• To check on whether or not moisture is big trouble in your living room, place hygrometers in the dampest regions of the house. These are methods that measure the humidity in a given region. If the hygrometer indicates that room has humidity at 50 per cent or higher, the area is moist enough to invite millipedes and allow them to prosper.
  • Adopting these measures will make it nearly difficult for millipedes to find their way inside.

Frequently asked Questions

1. What attracts Millipedes?

Leaves, mulch, grass clippings, boards or woodpiles, boxes, stones, and similar items that are on the surface, are the things that attract millipedes the most.

2. Why do I have millipedes in my house?

Excess snow, drought, rain and cooler climate can make their outdoor environments less favorable for them and you will frequently see millipedes in the house during these conditions.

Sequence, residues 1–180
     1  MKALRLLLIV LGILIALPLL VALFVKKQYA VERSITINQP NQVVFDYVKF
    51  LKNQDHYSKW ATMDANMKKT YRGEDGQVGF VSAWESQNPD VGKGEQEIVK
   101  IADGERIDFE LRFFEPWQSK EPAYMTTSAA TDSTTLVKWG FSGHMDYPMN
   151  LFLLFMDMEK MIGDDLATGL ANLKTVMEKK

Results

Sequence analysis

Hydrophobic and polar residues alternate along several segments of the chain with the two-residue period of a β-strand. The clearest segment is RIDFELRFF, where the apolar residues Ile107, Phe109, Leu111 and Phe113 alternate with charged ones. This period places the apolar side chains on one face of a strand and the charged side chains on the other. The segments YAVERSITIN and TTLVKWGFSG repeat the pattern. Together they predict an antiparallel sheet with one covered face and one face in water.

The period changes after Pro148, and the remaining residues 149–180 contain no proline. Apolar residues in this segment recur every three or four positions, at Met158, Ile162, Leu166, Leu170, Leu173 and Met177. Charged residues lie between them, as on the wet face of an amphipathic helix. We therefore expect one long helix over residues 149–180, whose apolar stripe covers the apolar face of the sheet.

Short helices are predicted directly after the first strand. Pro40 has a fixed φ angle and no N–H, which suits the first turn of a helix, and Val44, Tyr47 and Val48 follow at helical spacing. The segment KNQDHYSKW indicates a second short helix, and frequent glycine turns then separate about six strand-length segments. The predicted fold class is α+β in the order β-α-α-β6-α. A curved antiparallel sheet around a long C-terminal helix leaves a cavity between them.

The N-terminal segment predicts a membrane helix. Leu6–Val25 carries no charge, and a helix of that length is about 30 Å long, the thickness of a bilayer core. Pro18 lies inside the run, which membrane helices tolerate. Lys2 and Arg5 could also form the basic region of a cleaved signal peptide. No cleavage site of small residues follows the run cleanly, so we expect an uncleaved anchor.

3. Where are millipedes found?

Millipedes needs moist habitat. You are most likely to see them in your lawn or yard, particularly where the thatch is loose. Although a few species feed on animal remains, most millipedes feed on decaying leaves and other dead plant components.

4. How to prevent millipedes from entering the house?

  • Seal any cracks and gaps in the base, around wiring, and plumbing where millipedes can reach.
  • Millipedes need high humidity. Use dehumidifiers to keep the air dry or install fans in rooms that may have adequate air flow.
  • Cover any leaks. Leaky taps or pipes can attract millipedes.
  • Clean out and eliminate waste from canals. Gutter build-up can result in water from draining correctly.
  • Keep your lawn clean by discarding dead plant matter.  Reduce piled up mulch or wood piles that conserve moisture and attract millipedes.

5. Which are poisonous millipedes or centipedes?

Millipedes, other than centipedes, are not really dangerous and are primarily considered to be non-poisonous. Though, there are some millipede species that produce infuriating fluids from glands situated inside of their body.

Conclusion

So now we hope there is no confusion about the removal of millipedes as you can easily get rid of them by just following simple precautionary steps and if the infestation is high you can follow natural methods or even buy the products.